The quicker you freeze your ice cream, the less time ice crystals will have to form. The key to success with this model of ice cream maker is thorough chilling everything. Freeze the bowl solid. Make the base of your ice cream a day in advance, and chill it overnight. Once you take the freezer bowl out of the freezer, work quickly. Even 10 minutes sitting out on the counter will let it start to thaw.
This machine is all about simplicity. It’s designed with clean lines, and very few bells and whistles.
Be sure not to overfill the freezer bowl! The freezer bowl has a stated 1.5-quart capacity, so make sure to check your recipe will work with that size. Since ice cream expands as it churns, due to the forming of ice crystals and the importation of air, it can be difficult to guess just how much your base will expand. For example, the recipe I used called for 3.5 cups of liquid. After about 20 minutes of churning, my ice cream was well frozen, but a small amount had started to spill over the edges of the freezer bowl. Overfilling the bowl can also compromise the effectiveness of the machine, since it will take more time to chill a larger amount of liquid, giving the base and the freezer bowl more time to warm up and form ice crystals.
I’ve already mentioned that I have issues with the claim "frozen desserts ready in 20 minutes." In addition to the 16-24 hours required to chill the freezer bowl, most ice cream recipes recommend allowing the finished product to sit for a few hours in the freezer before serving. When the ice cream comes out of the freezer bowl after churning, the texture will be similar to soft serve. If you’re hoping for hard, scoopable ice cream, you’ll need to scoop it into a container and allow a few hours for it to set up in the freezer. Additionally, if you're making an ice cream cake, you will have to quickly assemble it after churning.
Features: No bells or whistles
This model is extremely simple. It doesn’t include any bonus features, but it’s also unlikely that you’ll need them. If you like to add mix-ins like nuts, candies, or other flavorings, you can add them directly to the freezer bowl of the ice cream once the base is almost done churning.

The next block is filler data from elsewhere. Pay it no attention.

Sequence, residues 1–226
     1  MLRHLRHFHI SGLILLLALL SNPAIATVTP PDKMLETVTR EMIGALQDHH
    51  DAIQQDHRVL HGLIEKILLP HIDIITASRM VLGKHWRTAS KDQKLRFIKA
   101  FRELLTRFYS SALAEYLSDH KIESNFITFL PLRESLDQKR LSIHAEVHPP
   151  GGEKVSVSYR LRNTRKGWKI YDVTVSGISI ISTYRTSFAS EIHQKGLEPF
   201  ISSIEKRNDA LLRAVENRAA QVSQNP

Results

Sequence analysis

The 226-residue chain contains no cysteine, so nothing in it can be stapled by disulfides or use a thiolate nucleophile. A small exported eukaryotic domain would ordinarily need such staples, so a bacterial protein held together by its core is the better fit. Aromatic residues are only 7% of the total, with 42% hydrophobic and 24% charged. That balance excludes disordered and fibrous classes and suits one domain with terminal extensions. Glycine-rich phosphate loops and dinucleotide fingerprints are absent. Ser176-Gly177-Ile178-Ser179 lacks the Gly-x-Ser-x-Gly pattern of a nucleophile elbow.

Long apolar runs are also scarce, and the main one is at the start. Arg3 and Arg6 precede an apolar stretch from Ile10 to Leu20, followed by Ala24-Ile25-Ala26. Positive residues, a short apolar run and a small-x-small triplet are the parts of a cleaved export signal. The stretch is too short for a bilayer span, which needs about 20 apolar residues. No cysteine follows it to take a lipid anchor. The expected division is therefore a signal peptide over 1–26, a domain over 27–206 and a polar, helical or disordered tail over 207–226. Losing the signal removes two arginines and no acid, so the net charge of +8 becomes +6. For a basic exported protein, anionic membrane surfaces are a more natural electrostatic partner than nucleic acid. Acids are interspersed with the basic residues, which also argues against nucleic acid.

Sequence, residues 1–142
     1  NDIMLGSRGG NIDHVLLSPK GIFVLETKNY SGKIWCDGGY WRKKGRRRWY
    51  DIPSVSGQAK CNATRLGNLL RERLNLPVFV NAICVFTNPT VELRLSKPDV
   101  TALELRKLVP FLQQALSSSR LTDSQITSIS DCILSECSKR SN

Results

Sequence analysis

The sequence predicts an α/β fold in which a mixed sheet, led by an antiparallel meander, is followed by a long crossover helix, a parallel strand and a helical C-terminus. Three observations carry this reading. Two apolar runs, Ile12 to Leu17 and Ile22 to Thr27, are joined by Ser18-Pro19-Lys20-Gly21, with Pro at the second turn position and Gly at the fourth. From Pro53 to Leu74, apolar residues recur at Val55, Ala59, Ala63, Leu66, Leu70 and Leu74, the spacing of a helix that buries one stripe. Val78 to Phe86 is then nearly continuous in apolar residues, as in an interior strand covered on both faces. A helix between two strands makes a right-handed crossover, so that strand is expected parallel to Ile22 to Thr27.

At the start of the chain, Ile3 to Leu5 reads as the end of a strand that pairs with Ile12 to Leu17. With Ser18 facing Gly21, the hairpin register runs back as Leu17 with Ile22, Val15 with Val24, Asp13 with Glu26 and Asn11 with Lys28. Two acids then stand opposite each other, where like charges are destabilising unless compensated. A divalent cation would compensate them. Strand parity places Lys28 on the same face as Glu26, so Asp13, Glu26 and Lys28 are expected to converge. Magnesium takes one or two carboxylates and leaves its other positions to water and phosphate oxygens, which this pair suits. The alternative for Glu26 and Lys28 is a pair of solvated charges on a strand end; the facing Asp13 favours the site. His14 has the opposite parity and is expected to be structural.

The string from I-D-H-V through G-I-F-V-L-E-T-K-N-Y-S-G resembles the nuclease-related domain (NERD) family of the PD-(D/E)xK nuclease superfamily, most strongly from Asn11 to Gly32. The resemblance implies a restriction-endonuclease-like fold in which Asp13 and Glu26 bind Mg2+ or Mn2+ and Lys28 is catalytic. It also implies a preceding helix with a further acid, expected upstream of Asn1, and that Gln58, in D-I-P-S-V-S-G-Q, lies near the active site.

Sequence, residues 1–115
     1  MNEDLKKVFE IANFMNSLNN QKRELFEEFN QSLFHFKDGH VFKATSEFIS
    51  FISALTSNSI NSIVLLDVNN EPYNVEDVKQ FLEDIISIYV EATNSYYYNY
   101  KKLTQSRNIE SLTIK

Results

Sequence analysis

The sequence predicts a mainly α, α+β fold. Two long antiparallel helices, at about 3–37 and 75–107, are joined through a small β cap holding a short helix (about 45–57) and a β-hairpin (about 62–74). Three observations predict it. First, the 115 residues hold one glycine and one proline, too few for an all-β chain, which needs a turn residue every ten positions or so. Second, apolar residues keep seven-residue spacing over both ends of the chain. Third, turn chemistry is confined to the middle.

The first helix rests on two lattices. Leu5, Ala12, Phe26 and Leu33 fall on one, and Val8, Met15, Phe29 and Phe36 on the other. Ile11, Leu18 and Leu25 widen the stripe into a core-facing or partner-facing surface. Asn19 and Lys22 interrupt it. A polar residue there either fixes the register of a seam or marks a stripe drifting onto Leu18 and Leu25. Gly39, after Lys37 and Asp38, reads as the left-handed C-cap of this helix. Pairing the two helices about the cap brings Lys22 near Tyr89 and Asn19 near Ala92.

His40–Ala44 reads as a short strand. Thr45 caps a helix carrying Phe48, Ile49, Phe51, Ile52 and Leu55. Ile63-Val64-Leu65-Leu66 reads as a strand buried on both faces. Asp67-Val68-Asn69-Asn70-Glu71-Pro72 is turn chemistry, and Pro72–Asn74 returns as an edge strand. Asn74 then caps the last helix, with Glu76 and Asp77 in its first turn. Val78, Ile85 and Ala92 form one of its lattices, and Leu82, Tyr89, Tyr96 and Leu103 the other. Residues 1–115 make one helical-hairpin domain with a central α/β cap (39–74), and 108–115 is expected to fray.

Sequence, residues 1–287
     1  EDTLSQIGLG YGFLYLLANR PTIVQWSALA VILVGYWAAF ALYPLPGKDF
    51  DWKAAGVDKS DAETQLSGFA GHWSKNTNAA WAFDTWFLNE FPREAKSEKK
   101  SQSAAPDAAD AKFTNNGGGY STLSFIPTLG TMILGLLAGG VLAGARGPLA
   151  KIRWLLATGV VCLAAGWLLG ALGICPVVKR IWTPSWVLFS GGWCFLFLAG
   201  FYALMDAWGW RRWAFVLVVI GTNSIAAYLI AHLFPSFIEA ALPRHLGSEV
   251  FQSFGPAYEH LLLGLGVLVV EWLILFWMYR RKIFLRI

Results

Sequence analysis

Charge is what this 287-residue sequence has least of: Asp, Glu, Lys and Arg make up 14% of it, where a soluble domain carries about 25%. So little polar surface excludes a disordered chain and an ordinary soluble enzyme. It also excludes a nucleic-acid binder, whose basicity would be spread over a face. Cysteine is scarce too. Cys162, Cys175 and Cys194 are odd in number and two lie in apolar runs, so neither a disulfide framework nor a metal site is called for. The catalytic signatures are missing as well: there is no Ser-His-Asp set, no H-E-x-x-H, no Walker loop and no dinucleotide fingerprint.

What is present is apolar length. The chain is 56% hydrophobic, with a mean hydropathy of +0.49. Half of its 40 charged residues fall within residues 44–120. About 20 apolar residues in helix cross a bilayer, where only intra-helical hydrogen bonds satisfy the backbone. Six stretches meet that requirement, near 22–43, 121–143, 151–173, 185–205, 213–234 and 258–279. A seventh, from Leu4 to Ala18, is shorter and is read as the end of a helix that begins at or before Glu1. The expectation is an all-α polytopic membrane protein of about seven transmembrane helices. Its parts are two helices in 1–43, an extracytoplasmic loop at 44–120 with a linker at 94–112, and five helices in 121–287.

Cleaning: Extremely easy
Cleaning this machine is very easy. Just rinse out the bowl, and wipe down the remaining parts. Even the laziest dessert lovers won’t find much to complain about here.
Price: Very reasonable
At around $70, this is Cuisinart's most affordable ice cream maker, with the next tier of ice cream makers being slightly larger and more expensive. This is a great buy for beginners on a budget.
Cuisinart ICE-21R Ice Cream and Sorbet Maker vs. Cuisinart ICE-70 Ice Cream Maker
There are a lot of fairly affordable frozen dessert makers that can help you churn a good batch of ice cream with the Cuisinart ICE-21R Ice Cream and Sorbet Maker being a good entry-level option. Once you have the bowl frozen, its easy setup, operation, and cleanup will get you on your way to sundae heaven. But the smaller capacity can get in the way of real experimentation or big batches for larger households. The 2-quart Cuisinart ICE-70 Ice Cream Maker, which we also tested, is the next level up of ice cream makers and might be worth the investment. It has presets for gelato and sorbet and will produce 4 pints of ice cream in one batch. Plus, our home tester loved it.
If you're just getting started making ice cream, the Cuisinart ICE-21R Ice Cream and Sorbet Maker is a solid option at a reasonable price point. It does everything you need without fuss or drama.
- Product Name Frozen Yogurt, Ice Cream and Sorbet Maker
- Product Brand Cuisinart
- MPN ICE-21R
- Price $69.95
- Weight 9.9 lbs.
- Product Dimensions 9 x 11.25 x 9.5 in.
- Color Red, Cream, Light Grey, Pink, White, Yellow
- Capacity 1.5 Quarts
- Material Polypropylene